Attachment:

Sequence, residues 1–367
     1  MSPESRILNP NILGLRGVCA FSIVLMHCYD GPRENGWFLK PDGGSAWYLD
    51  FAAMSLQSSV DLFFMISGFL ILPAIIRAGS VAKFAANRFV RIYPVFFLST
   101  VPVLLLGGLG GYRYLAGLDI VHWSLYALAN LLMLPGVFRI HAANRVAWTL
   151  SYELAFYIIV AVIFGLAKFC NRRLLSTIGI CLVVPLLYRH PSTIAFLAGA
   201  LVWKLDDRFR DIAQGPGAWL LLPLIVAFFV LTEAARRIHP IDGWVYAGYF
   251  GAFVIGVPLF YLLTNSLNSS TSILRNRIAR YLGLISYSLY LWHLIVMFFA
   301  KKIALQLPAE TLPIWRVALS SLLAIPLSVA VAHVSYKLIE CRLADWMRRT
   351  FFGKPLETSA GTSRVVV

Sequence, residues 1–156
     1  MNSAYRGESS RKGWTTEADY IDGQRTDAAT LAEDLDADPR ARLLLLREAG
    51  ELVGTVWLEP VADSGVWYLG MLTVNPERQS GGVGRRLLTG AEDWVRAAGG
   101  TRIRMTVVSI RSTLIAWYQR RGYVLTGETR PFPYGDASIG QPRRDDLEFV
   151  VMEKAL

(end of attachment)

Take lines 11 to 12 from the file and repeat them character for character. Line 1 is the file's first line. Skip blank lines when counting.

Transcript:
     1  MNSAYRGESS RKGWTTEADY IDGQRTDAAT LAEDLDADPR ARLLLLREAG
    51  ELVGTVWLEP VADSGVWYLG MLTVNPERQS GGVGRRLLTG AEDWVRAAGG